I’ve posted before about my tendency to buy foods just because I like the packaging. My kitchen cupboards are full of decanted jam, biscuits and spices – some labelled, others not. Sometimes fun / disastrous at mealtimes!
This (slightly belated) 15-minute make will require you to shop around for pretty tins and find another home for the contents… that’s the hardest part over and done with. The rest of this DIY couldn’t be easier! My local Turkish supermarket is a goldmine of nice packaging, or scout car boot sales for vintage alternatives.
Magnetic Storage Tins
Selection of square or rectangular tins
Super glue / glue gun
1) Empty, rinse and dry the tins.
2) Glue a magnet onto the back of each tin. Use two magnets if you plan to store something heavy. Leave to dry.
3) That’s it!
These tins are really handy on the fridge or invest a mere £11 in a magnetic knife strip from IKEA and you can stick them anywhere. I like the idea of a whole row above my desk for pens and paperclips or inside the door of my DIY cupboard for nails and screws.
When I was a child I was a bit of a magpie and my coat pockets were permanently filled with treasures I’d picked up and squirreled away… a grey feather, a scrap of ribbon, a patterned pebble or a shard of sea-smoothed glass. This simple craft idea takes moments and is one way to get part of your collection out on display.
Pebble Photo Holder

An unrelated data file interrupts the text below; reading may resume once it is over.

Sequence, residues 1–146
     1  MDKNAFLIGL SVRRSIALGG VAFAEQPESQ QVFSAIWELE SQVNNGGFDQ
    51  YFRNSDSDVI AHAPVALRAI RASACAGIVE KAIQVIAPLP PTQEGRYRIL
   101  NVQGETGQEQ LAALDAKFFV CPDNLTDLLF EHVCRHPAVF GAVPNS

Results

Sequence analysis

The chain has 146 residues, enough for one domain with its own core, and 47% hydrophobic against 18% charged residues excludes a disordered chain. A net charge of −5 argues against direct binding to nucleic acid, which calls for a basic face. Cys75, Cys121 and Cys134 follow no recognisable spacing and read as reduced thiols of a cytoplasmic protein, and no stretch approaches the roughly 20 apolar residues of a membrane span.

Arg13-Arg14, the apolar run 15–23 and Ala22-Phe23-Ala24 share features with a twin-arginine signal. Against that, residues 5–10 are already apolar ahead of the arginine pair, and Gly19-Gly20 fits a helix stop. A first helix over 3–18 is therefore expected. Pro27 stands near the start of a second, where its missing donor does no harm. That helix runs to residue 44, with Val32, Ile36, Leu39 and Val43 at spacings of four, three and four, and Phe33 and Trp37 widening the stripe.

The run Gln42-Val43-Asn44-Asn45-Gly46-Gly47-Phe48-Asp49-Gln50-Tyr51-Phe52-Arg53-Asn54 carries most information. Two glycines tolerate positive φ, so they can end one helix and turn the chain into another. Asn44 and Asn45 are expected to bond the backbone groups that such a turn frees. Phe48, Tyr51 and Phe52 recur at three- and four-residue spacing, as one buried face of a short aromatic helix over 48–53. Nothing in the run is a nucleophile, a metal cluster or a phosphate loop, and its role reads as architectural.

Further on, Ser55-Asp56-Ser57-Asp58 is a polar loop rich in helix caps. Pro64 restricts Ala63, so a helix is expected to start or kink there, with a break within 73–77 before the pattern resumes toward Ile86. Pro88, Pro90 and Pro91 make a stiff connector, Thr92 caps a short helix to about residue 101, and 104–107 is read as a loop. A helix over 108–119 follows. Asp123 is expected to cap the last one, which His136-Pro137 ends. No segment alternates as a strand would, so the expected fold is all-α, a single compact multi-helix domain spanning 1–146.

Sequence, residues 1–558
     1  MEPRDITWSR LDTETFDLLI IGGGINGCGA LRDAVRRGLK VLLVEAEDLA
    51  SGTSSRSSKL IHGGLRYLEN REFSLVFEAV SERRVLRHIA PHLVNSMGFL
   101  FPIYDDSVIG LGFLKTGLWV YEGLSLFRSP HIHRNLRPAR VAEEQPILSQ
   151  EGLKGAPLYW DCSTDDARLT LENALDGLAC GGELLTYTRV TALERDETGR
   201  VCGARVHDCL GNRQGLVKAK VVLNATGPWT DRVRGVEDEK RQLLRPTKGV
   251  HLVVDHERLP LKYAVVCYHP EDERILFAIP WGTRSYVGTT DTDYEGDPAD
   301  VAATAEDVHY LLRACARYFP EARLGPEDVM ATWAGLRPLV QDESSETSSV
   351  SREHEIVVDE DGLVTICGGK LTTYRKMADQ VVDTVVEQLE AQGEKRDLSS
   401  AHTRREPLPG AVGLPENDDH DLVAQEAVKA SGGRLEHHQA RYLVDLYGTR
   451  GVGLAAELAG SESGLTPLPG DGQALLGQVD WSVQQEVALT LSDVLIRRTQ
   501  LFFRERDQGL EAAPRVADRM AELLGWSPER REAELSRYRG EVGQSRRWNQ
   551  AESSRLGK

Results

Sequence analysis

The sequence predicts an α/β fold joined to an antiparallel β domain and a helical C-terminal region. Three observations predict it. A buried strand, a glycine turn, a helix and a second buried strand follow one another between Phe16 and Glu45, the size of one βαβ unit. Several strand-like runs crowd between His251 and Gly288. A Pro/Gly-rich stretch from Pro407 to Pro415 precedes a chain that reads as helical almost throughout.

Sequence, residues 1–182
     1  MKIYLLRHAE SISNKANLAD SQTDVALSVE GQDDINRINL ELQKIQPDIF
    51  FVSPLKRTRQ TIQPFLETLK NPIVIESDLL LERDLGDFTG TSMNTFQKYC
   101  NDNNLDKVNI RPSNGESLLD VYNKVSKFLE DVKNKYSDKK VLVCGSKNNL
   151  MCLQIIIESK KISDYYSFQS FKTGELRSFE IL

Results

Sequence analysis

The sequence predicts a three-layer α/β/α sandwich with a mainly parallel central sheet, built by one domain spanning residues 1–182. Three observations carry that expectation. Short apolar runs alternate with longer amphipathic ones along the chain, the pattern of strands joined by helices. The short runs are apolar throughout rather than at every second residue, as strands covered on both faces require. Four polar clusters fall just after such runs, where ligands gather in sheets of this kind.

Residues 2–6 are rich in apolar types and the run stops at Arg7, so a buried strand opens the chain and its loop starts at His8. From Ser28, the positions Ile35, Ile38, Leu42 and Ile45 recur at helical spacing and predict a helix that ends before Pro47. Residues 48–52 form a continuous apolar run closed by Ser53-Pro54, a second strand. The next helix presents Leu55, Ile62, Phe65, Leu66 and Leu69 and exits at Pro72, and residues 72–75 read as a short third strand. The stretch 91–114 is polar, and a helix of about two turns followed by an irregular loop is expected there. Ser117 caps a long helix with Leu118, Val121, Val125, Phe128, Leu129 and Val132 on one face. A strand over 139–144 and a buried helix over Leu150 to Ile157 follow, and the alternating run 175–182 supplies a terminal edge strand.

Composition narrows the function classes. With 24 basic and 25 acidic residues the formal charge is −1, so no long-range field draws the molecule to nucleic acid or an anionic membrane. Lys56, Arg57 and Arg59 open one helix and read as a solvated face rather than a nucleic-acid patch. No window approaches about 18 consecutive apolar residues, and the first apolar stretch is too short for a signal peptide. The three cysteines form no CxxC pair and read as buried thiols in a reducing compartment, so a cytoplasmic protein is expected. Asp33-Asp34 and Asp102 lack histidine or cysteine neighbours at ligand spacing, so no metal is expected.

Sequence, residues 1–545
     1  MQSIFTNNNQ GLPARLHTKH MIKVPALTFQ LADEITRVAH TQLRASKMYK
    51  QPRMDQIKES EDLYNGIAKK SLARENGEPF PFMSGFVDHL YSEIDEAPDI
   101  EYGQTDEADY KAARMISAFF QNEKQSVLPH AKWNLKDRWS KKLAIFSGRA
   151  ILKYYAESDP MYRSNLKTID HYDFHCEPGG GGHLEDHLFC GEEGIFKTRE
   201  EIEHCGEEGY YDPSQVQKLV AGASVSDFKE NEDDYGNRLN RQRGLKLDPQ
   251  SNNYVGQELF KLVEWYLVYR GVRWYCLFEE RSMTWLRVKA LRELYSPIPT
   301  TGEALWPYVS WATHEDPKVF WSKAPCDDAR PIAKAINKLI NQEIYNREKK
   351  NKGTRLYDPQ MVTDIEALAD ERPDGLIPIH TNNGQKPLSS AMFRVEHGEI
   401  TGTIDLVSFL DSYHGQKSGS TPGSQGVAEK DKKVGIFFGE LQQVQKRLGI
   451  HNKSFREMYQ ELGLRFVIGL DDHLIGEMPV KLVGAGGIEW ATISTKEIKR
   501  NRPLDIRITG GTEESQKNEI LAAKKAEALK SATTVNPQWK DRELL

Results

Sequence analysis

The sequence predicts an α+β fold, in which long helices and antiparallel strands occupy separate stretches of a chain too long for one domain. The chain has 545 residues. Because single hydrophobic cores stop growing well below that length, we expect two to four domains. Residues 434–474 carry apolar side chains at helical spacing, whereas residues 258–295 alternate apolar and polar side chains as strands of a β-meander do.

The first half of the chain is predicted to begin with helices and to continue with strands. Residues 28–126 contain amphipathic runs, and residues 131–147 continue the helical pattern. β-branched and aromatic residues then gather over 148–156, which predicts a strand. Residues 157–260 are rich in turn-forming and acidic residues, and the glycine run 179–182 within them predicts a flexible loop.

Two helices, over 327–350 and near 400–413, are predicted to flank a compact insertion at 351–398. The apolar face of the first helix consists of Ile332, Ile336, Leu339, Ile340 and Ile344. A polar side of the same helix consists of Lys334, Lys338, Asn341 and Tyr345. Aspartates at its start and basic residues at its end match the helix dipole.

Nice smooth pebbles
Paper covered floristry wire
1) Take a 20cm length of wire and wrap one end around the pebble. Twist to secure it tightly at the base.
2) Stand the remaining wire upright then twist the other end into a flattened spiral – the easiest way to do this is grip the end of the wire with pliers then wrap the next 3-4cm of wire tightly around them. Press with your fingers to flatten.
3) Pop a postcard, photo or polaroid into the top and voila! Experiment with different sized pebbles and lengths of wire to make a pleasing group.
Have a lovely weekend – wrap up warm!
I’m fascinated by photo projects and am always intrigued by the niche subjects people choose. Kinfolk magazine (my new obsession) led me to The Makers Project by Brooklyn-based photographer Jennifer Causey. Jennifer has made it her mission to capture the creative goings-on on her doorstep. From painters and florists to perfumers and distillers, she’s recorded the relaxed beauty of the people, their products and places of work.
It was a struggle to pick one maker to showcase here because each photo story has its own beauty and charm, but I loved the simplicity of this profile of woodworker Ariele Alasko. She started off studying sculpture and now works full time crafting headboards, tables and breadboards from salvaged wood gathered from buildings being pulled down in her neighbourhood.
In between stints in her workshop Ariele also manages to write the very lovely Brooklyn to West blog (check out the about page for a sneak peek of her apartment), fit out an extremely cool restaurant and sell her wares.
The Makers Project website is a pretty addictive so I strongly suggest you while away an hour or two flipping through Jennifer’s photo stories. You can read more about why she started the project in Kinfolk volume five which I’ve recently discovered is available through this trusty online outlet. Kinfolk fans of the UK rejoice!